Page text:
Thus, the air or fluid can be drawn in one direction only through the device and'be discharged into the bottle or receptacle with the tube effectively sealed off against backflow therethrough to prevent air leaking through the tube into the companying drawingsin which:

FIG. 1. is a side elevation of the thoracostomy device shown applied to a drainage tube, illustrated diagrammatically in its inserted position in the lung area;

FIG. 2 is a longitudinal section'therethrough; and

FIG. 3 is a detail cross section illustrating a modification.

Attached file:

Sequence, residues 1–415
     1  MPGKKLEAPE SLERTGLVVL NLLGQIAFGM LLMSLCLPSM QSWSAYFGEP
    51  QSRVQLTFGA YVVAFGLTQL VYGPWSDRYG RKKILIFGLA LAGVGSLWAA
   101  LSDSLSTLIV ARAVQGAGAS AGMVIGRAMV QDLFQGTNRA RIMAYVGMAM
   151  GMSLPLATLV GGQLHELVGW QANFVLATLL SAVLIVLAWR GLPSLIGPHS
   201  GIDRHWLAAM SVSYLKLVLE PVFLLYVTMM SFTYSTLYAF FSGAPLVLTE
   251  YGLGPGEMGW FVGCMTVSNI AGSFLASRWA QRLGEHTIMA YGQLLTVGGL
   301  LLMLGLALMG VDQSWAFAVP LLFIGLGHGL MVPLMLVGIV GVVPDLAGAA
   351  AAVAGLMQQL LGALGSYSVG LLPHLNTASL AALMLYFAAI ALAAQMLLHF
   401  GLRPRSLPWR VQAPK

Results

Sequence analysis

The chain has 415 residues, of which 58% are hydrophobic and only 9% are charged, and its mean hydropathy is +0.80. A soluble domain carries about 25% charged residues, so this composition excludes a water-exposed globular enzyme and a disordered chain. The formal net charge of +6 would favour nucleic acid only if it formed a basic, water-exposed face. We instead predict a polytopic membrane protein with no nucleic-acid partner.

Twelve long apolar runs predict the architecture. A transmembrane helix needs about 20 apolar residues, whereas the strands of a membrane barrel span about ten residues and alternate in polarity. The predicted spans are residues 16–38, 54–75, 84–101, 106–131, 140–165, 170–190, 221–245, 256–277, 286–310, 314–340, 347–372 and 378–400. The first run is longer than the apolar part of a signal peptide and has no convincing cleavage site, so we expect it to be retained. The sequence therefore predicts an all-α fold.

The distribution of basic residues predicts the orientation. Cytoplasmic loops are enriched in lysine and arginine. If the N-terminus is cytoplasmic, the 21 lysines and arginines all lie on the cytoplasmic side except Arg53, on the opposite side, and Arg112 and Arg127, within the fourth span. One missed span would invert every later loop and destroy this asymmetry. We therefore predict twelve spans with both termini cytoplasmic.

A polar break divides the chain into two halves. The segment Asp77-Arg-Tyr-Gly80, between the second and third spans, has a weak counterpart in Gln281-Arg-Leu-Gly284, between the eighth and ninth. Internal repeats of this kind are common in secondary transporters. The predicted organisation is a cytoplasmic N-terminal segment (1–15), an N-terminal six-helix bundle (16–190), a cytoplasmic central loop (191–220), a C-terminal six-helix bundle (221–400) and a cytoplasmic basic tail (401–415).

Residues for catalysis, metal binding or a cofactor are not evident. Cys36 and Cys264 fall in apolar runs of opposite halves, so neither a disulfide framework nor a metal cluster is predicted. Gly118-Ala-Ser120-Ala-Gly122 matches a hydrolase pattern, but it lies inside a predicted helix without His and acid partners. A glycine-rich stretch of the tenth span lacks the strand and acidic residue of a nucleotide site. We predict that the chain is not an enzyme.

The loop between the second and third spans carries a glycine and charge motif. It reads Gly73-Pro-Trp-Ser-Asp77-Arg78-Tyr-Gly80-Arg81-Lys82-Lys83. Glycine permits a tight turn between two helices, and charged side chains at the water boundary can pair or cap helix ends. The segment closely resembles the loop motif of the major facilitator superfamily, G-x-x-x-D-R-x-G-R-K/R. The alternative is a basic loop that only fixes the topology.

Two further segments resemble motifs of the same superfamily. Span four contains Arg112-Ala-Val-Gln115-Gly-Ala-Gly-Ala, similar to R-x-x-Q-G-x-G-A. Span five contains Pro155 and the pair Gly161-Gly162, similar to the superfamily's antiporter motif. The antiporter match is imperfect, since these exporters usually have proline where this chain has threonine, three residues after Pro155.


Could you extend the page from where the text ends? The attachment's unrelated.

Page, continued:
The invention is illustrated in FIG. 1 in its'relation to a patient, generally indicated at P, whose lung cavity, subject to drainage, is shown generally at L. Usually an incision is made in the chest area for the insertion of a drainage tube 1 which extends into the lung cavity L at one end and at the opposite end is connected with the thoracostomy device generally indicated at 2 The device 2, according to. the form shown in FIGS. 1 and 2, comprises a pair of bulbular chambers 3 and 4 which may be formed of one or more elastic sleeves and each capable of being squeezed for expelling the contents therefrom. The elastic chamber 3 has an inlet tube 5 connected therewith and which is also interconnected at 6 by a sealed connection with the drainage tube 1 so that fluid passing out of the lung area will be discharged through the tube 1 and the tube 5 into the chamber 3. A pivoted check valve 7 is mounted on the end of the tube 5 to close the passageway through'the latter tube against the back flow of air or fluid therethrough to the lung area.